The Scranton tribune. (Scranton, Pa.) 1891-1910, June 11, 1894, Image 1

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    I'Olt THE HKST
ich Day Brines IIw and More Determined
Mounted Patrols Are Stationed About
Coal Shafts at Pana, Illinois-Five
Companies of State Militia Will As
sist Moving Trains at Charleston,
West Virginia Battles Between
Strikers and Deputies at Mounds-
Uniontwn, Pa., Jnno 10.
H BATTLE between ieen armed
A d.DUtiea and n nob of 300 ntrik-
ers occurred tl morning t the
Li U Li'inont No. 3 forks of the Jle
Clure Coke cotnpanj striksr, a
Sluv, wai killed i tetantty and two
other Slav strik i wore fatally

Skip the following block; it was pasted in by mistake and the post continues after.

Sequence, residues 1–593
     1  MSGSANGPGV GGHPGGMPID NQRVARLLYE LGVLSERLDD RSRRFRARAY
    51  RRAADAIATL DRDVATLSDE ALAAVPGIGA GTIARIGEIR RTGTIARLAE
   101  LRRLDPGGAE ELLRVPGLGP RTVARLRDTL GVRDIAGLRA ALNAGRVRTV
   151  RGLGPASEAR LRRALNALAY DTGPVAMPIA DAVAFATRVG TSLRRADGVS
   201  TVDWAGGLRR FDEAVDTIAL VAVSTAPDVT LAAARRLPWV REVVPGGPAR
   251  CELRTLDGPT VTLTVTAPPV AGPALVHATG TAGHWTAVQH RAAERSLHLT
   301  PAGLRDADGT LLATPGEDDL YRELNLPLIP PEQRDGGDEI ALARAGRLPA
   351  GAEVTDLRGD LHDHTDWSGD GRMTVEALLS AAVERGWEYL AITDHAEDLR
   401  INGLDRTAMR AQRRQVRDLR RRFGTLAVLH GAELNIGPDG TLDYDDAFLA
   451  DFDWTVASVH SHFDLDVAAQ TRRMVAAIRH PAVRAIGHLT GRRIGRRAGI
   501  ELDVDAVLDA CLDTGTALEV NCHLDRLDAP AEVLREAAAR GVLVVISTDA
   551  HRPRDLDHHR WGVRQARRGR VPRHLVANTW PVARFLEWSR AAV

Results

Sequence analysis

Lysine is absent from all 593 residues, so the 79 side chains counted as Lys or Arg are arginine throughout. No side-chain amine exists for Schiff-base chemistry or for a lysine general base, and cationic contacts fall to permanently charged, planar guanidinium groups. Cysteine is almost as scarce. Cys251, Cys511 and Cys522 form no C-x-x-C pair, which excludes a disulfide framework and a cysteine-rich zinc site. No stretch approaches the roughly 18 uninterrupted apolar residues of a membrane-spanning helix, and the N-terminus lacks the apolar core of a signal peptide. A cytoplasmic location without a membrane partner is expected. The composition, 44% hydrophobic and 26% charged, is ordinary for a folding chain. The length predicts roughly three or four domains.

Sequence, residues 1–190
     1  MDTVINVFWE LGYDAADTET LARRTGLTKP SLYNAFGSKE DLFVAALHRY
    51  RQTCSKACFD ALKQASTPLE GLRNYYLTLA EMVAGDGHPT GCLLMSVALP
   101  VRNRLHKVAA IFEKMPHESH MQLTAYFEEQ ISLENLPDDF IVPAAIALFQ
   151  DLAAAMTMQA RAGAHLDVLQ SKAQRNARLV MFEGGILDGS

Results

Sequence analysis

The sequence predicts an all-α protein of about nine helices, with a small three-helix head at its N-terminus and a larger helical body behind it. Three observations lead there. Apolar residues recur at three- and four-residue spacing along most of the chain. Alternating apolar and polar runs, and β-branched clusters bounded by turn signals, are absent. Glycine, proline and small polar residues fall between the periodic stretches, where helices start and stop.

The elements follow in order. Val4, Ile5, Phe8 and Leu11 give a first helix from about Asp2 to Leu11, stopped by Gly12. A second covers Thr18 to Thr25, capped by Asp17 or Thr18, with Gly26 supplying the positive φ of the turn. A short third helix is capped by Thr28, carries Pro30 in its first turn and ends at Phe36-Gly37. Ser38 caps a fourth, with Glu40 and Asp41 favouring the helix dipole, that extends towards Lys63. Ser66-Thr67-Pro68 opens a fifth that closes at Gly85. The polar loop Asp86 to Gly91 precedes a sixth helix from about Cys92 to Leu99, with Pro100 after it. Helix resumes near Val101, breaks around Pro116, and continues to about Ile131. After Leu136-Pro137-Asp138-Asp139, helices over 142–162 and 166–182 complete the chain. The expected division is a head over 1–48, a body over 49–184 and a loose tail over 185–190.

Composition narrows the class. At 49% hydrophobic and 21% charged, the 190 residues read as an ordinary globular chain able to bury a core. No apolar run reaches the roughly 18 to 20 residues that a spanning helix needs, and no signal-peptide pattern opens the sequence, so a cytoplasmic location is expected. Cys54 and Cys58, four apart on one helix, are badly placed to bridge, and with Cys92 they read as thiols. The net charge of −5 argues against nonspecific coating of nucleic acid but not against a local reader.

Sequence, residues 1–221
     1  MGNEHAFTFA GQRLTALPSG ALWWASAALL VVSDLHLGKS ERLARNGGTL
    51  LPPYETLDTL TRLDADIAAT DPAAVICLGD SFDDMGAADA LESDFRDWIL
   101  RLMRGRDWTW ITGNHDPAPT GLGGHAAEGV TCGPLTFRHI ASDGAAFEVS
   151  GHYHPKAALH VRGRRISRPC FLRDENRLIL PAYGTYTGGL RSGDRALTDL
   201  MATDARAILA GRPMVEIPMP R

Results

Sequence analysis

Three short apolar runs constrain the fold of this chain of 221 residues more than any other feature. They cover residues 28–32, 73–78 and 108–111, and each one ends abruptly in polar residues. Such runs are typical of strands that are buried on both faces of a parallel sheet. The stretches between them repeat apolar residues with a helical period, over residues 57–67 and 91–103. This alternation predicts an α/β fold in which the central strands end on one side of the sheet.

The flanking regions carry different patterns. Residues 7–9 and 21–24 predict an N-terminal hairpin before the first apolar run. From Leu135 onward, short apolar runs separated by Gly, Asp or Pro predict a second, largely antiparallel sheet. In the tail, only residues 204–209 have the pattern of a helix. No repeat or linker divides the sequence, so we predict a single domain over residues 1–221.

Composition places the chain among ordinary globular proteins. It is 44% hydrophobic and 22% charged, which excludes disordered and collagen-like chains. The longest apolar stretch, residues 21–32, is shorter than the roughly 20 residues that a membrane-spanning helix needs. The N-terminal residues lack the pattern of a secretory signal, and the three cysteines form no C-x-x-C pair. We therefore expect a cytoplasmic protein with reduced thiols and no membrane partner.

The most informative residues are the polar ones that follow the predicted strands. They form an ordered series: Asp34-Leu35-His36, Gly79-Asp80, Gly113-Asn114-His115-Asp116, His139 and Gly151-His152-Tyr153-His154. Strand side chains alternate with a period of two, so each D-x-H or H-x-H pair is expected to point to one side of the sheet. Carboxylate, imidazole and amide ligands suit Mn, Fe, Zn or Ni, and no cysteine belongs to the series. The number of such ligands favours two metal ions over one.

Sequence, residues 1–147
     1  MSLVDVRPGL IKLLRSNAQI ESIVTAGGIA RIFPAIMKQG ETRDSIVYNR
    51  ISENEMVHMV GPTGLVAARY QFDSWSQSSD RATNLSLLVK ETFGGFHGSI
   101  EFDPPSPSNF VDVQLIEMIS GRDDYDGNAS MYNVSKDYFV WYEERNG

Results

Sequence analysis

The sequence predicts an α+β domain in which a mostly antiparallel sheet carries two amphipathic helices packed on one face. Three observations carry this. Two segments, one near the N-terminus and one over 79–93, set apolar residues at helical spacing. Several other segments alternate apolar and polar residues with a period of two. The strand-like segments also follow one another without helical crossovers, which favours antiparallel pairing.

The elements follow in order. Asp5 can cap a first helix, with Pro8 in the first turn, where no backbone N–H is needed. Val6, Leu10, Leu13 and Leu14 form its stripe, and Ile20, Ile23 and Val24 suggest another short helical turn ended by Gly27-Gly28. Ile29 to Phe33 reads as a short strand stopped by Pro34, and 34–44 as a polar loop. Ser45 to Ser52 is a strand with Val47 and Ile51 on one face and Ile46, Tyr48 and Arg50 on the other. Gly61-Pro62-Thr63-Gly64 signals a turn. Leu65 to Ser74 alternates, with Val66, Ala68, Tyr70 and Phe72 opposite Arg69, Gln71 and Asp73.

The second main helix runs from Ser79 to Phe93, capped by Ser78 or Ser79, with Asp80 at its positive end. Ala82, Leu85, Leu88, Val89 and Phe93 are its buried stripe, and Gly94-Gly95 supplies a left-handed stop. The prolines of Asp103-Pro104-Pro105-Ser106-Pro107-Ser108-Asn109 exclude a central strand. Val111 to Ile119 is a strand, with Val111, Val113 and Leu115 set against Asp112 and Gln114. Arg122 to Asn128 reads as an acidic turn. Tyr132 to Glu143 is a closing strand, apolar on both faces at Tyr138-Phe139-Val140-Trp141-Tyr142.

wounded. The deputies were sur
rounded n i fired Upon oy the strikers
before tliey shot.
The inoi lunta lendiiu up to the bat
tie begun last evening when a uiob of
several h u nit re-i strikers, mostly from
tht Trottar works of the Frlok comp my
tmiberud at the Pennsylvania railroad
d'pot. at New II iveu nod took as pris
oners four workmen who are employed
tit the Vnlley works of the Frick com
pany and wore on their way home at
The lumies of the workmen are John
Dtlaney, uiiver Atleby, John Britt and
John Furlough, When they stepped
1 1 ft the train the mob surrounded them
and marched them away. The four
men wer covered over with cluilc an 1
big placard! with ''scab," 'bljickltfii''
und other epitaphs lettered thereon.
The men were then marched through
the streets between the company
houses. The strik-rs jeered them and
th" women spit upon them and hit them
with stones and olnbl, Thev were even
marched past their own homes and